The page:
Review Article Theme: Natural Products Drug Discovery in Cancer Prevention

The AAPS Journal

, Volume 15, Issue 3, pp 707-716

First online:

Molecular Mechanisms of Silibinin-Mediated Cancer Chemoprevention with Major Emphasis on Prostate Cancer

  • Harold TingAffiliated withDepartment of Pharmaceutical Sciences, Skaggs School of Pharmacy and Pharmaceutical Sciences, University of Colorado Anschutz Medical Campus
  • , Gagan DeepAffiliated withDepartment of Pharmaceutical Sciences, Skaggs School of Pharmacy and Pharmaceutical Sciences, University of Colorado Anschutz Medical CampusUniversity of Colorado Cancer Center, University of Colorado Anschutz Medical Campus
  • , Rajesh AgarwalAffiliated withDepartment of Pharmaceutical Sciences, Skaggs School of Pharmacy and Pharmaceutical Sciences, University of Colorado Anschutz Medical CampusUniversity of Colorado Cancer Center, University of Colorado Anschutz Medical CampusSkaggs School of Pharmacy and Pharmaceutical Sciences, University of Colorado Anschutz Medical Campus Email author 

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Abstract

Despite advances in early detection, prostate cancer remains the second highest cancer mortality in American men, and even successful interventions are associated with enormous health care costs as well as prolonged deleterious effects on quality of patient life. Prostate cancer chemoprevention is one potential avenue to alleviate these burdens. It is a regime whereby long-term treatments are intended to prevent or arrest cancer development, in contrast to more direct intervention upon disease diagnosis. Based on this intention, cancer chemoprevention generally focuses on the use of nontoxic chemical agents which are well-tolerated for prolonged usage that is necessary to address prostate cancer’s multistage and lengthy period of progression. One such nontoxic natural agent is the flavonoid silibinin, derived from the milk thistle plant (Silybum marianum), which has ancient medicinal usage and potent antioxidant activity. Based on these properties, silibinin has been investigated in a host of cancer models where it exhibits broad-spectrum efficacy against cancer progression both in vitro and in vivo without noticeable toxicity. Specifically in prostate cancer models, silibinin has shown the ability to modulate cell signaling, proliferation, apoptosis, epithelial to mesenchymal transition, invasion, metastasis, and angiogenesis, which taken together provides strong support for silibinin as a candidate prostate cancer chemopreventive agent.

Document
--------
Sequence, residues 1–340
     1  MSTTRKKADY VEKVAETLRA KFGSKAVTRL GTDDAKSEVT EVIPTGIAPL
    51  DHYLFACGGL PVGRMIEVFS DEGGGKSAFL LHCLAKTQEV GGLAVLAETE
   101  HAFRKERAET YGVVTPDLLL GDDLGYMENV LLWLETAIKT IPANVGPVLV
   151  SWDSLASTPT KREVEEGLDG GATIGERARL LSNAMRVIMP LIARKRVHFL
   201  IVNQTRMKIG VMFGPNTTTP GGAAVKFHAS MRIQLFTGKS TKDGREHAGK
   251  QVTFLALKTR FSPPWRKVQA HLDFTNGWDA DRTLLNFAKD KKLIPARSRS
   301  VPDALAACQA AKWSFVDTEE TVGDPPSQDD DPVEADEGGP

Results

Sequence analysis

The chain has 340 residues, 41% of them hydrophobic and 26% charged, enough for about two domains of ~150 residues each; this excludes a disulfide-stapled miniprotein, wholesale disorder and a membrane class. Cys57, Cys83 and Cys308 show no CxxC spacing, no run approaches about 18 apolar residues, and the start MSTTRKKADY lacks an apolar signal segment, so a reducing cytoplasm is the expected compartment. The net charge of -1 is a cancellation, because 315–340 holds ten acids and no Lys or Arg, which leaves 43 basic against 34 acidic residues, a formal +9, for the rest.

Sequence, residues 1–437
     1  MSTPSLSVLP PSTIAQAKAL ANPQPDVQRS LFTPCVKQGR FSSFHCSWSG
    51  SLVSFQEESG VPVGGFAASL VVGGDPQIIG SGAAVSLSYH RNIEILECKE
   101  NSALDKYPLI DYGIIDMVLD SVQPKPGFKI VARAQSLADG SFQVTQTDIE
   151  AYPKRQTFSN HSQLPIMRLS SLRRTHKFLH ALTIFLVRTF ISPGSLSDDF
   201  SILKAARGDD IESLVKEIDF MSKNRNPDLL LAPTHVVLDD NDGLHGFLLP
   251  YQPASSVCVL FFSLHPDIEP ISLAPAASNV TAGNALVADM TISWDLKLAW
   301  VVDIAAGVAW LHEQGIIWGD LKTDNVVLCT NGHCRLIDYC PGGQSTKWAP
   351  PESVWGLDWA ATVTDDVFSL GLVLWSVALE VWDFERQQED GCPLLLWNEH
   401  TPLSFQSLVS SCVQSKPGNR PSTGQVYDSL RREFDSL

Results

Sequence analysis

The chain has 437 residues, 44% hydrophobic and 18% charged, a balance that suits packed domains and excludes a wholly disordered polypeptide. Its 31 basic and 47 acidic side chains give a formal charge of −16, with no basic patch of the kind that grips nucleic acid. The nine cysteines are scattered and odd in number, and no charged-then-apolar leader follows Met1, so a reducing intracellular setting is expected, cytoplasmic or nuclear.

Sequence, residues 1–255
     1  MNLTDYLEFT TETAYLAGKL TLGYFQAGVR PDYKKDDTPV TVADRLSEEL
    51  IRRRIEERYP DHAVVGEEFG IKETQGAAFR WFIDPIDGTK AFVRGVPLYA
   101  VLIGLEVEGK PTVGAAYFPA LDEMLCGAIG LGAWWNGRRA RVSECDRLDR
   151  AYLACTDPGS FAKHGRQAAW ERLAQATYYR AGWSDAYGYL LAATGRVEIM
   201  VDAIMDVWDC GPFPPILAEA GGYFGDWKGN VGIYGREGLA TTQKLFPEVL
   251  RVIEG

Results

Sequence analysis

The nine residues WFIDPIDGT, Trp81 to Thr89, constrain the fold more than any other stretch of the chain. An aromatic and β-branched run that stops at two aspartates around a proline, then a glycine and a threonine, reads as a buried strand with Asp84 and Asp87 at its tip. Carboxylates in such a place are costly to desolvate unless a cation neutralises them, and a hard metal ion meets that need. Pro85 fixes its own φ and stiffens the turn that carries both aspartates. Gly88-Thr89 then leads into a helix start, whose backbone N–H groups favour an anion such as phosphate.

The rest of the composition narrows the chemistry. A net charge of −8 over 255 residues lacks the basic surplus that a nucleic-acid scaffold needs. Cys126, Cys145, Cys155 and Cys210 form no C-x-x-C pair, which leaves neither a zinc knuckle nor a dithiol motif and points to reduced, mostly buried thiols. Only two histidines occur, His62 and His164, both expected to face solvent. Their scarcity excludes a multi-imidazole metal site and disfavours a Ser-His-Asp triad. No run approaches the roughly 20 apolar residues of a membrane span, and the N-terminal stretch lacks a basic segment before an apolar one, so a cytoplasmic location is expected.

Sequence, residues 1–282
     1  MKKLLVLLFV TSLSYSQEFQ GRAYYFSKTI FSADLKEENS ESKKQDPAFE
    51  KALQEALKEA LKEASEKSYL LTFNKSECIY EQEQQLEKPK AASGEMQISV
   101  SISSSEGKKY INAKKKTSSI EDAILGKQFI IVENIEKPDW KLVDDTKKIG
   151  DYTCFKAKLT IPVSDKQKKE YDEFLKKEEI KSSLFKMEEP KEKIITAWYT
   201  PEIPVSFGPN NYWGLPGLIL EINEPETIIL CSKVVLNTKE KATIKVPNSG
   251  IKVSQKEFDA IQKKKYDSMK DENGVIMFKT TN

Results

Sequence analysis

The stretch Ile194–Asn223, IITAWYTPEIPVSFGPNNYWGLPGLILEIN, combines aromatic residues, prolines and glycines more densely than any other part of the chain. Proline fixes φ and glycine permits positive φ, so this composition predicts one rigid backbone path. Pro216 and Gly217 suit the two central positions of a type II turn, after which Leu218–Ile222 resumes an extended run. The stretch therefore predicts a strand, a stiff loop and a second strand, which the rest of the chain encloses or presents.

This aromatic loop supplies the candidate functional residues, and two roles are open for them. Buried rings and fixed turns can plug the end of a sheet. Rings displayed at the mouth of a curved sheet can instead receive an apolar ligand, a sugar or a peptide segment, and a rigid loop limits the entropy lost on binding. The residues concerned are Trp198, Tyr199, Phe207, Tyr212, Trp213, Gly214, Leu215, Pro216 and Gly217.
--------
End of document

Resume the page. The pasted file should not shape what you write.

Key words

cell cycle chemoprevention prostate cancer signal transduction silibinin